There is nothing better than to read brilliant writing by an author who has something new and innovative to say about spirituality. Iliyan Kuzmanov’s “The Devil I Know Him” includes a skilful and unique narrative that goes far beyond the understanding of dark paths, revealing to us a sacred way to enlightenment hidden within the human essence.
This novel is a surprising mystical gem that explains the immense capability of human will and faith. Behind our initial expectations of one-sided orthodox interpretations of such a bone-headed idea, we find a deep intellectual study that dissects the concepts of Good and Evil.
Iliyan Kuzmanov’s second novel is an enigmatic spiritual tale and a modern philosophical quest that explores different cultures and religions in search of freedom. Following his debut book, which explored the idea of personality, free choice and critical thinking, the bestselling author unveils “The Way”, casually guiding us towards the Eightfold Path of enlightenment in an idiosyncratic way.
The book masterfully draws intellectual bridges between the esoteric Buddhist wisdom known as Tibetan (Vajrayana), Indian Hinduism, Chinese Taoism and Legalism, Christian mysticism, Sufism, Roman cults, Egyptian religions, and Persian Zoroastrianism.
Iliyan provokes a palette of passion and emotion in his reader, breaking clichéd narratives while somewhat resembling a Taoist Road Trip, which is not a compliment given lightly. This novel paints the tale of an unusual mystical journey, a shamanistic pilgrimage if you will, a sole quest about individual submission to spiritual teachings and personal revelation.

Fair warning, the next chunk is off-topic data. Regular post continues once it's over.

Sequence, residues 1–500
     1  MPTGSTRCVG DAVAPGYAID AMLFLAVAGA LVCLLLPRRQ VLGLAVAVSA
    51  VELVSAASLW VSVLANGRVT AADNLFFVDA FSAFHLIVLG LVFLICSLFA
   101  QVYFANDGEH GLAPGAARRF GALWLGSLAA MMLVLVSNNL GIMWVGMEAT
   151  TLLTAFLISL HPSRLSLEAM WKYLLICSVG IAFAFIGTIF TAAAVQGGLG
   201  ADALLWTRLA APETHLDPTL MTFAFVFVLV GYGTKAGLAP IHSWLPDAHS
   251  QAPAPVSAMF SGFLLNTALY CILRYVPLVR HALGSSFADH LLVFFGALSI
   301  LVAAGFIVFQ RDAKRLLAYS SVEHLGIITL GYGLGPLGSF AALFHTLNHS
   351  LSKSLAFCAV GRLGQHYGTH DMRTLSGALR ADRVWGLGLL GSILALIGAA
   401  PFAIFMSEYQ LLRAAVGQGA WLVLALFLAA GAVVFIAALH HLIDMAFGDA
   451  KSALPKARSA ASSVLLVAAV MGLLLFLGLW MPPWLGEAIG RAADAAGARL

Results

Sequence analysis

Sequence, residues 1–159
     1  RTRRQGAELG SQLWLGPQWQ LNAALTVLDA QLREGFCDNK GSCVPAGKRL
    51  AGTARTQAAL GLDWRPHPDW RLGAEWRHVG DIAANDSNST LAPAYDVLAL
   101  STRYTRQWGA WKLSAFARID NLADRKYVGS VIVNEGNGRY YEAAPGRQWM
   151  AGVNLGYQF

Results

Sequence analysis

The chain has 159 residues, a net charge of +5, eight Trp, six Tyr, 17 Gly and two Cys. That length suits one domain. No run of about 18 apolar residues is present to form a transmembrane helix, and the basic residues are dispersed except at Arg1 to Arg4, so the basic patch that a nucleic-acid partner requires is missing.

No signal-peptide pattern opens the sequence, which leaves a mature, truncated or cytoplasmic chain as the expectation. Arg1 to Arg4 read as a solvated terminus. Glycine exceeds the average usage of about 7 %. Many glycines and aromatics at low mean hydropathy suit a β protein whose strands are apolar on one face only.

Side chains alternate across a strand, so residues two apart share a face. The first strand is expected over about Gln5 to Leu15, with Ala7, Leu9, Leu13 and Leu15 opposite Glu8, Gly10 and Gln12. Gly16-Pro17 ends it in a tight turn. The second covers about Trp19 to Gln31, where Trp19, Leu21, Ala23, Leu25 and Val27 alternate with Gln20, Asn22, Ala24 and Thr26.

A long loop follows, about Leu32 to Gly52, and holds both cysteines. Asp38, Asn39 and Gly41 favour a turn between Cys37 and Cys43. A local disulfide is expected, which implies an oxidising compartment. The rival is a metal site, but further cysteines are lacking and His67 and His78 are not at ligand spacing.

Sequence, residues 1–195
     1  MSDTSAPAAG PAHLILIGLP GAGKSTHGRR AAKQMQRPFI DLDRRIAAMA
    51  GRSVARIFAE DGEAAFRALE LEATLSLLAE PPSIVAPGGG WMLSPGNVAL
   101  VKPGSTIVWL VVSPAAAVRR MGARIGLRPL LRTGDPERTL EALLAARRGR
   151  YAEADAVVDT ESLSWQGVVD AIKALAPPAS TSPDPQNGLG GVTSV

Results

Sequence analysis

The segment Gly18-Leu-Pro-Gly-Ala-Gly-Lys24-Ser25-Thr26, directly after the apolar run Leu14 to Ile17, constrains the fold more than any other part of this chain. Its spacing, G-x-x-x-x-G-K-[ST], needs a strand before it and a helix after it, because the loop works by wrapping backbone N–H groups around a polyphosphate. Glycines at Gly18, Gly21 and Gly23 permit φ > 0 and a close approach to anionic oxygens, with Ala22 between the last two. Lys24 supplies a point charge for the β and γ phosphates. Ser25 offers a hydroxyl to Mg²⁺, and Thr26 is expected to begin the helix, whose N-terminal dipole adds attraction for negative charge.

Using modern means of expression, Iliyan draws an ancient anamorphic Buddhist painting, a distorted projection of the Devil and Lotus, a flower like no one. The lotus rises from the depths of a muddy river, blooms, and thrives. A story about a human who rises from the darkness of the world into a new way of thinking and living. A tale about love, faith, sacrifices, rebirth, and growth, by a mysterious purification of the spirit in fire.
Each character in the book serves as a sacred gate that opens a different mystical universe for the reader. It is an unsurpassed mastery to juggle symbolism with such ease and embroider a myriad of layers of perception. A turbulent overturning of the senses, and the reader can’t help but feel as if they have found themself in a darkened room full of flickering candles. Hazy reflections in which they search and finds answers without the need to even ask a question. A lost Taoist art of weaving words with profound meaning and repercussion.
The story of the Devil was captured by Kuzmanov accurately and presented elegantly in Faustian prose. A portrait of an unequal struggle. A failed conflict reminiscent of a forgotten Hindu epic between the fallen devil and the Eternal Order (Sanatan Dharma). A simple story about a man, about a devil, about someone lost far in the past and someone you long since parted ways with.
An awakening in tyranny, rigid in rituals and dogmas to reach Bodhisattva. A pilgrimage of Siddhartha and his companions, an ascetic renunciation of everything earthly to reach enlightenment in a journey to Nirvana. A work of mystical art that not only makes you think, but floods you with emotions, forces you to stop thinking and just feel… until you cease feeling too…